Ottawa researchers bring in half of clinical trial awards from Stem Cell Network
Could stem cells help the body recover from septic shock, heart attack and liver transplantation? Researchers from The Ottawa Hospital and the University of Ottawa are now in a better position to answer these questions, thanks to $2.2 million in peer-reviewed awards from the Stem Cell Network. The funding will support three clinical trials, representing half of the trials funded in this national competition and nearly a quarter of the overall funds awarded.
Septic shock trial
Dr. Lauralyn McIntyre (of uOttawa and The Ottawa Hospital) and her colleagues* were awarded $1 million to lead the first multi-centre clinical trial of mesenchymal stem cell therapy for septic shock. This deadly condition occurs when an infection spreads throughout the body and over-activates the immune system, causing the heart and other organs to fail. The trial will involve 114 patients at 10 academic hospitals across Canada. Dr. McIntyre and her colleagues recently treated nine patients in a Phase I clinical trial of this therapy. Results will be published in the future.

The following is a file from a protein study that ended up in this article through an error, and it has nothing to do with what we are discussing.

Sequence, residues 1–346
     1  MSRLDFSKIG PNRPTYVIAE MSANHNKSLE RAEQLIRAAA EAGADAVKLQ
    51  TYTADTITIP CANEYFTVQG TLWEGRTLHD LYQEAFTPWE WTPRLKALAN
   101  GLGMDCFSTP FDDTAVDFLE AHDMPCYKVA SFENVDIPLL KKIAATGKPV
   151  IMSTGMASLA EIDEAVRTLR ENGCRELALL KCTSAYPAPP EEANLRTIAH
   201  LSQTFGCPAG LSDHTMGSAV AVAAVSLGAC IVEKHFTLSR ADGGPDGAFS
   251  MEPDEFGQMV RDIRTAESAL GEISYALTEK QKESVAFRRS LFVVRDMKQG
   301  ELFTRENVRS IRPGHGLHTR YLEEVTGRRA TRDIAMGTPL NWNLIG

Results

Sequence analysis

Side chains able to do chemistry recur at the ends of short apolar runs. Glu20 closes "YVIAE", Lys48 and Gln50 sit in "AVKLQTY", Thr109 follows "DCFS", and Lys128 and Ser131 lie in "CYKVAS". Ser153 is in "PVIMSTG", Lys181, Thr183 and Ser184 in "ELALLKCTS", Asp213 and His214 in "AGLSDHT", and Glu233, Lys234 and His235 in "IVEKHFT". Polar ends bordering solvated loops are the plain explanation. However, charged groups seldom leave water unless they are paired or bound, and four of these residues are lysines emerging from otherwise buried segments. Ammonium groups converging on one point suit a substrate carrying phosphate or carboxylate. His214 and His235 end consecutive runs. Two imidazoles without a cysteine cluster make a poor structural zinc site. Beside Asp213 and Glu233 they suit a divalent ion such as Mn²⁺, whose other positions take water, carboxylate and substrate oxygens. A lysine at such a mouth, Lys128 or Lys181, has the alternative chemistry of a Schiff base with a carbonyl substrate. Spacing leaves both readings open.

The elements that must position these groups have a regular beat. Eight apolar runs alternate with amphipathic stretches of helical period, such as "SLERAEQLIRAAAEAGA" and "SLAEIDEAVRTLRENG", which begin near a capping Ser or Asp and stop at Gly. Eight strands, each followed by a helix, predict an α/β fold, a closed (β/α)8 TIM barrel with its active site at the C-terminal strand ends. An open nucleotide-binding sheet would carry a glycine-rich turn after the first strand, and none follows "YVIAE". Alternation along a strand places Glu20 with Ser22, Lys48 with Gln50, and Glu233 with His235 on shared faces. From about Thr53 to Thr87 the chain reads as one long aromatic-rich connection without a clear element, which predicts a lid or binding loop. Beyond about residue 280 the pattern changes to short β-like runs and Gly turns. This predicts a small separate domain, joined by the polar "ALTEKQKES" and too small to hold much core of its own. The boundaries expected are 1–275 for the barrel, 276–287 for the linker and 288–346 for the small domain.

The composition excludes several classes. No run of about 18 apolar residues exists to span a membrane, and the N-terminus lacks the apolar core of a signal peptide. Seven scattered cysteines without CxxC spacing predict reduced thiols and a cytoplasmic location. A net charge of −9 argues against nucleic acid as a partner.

Heart attack trial
Dr. Duncan Stewart (of uOttawa and The Ottawa Hospital) and his colleagues** were awarded $1 million to advance their world-first clinical trial of a genetically-enhanced stem cell therapy for heart attack. So far they have treated 29 patients in Ottawa, Montreal and Toronto. The new funding will help them add additional trial sites and treat approximately 70 more patients.
Liver transplantation trial
Dr. Harold Atkins (of uOttawa and The Ottawa Hospital) and his colleagues*** were awarded $216,000 to see if a procedure involving stem cells may be able to prevent organ rejection in people who have had liver transplants. The procedure involves harvesting blood stem cells from a patient, destroying their immune system with strong chemotherapy, and then giving them back their own stem cells to grow a new immune system. The hope is that the new immune system will recognize the transplanted liver as part of the body, allowing the patient avoid the harsh drugs typically required to prevent organ rejection. The trial will involve 10 people. Dr. Atkins and his colleagues have used a similar procedure to treat auto-immune diseases such as multiple sclerosis and myasthenia gravis.
In addition, Dr. Jing Wang (of uOttawa and The Ottawa Hospital) is a co-investigator on a disease team award that aims to find ways to stimulate stem cells to repair the brain. This project is led by Dr. Freda Miller of SickKids, and was awarded $500,000. This project also has a clinical trial component.
These and other Stem Cell Network awards were announced by the Honourable Kirsty Duncan, Minister of Science for the Government of Canada and David McGuinty, Member of Parliament for Ottawa South, on November 24th at The Ottawa Hospital.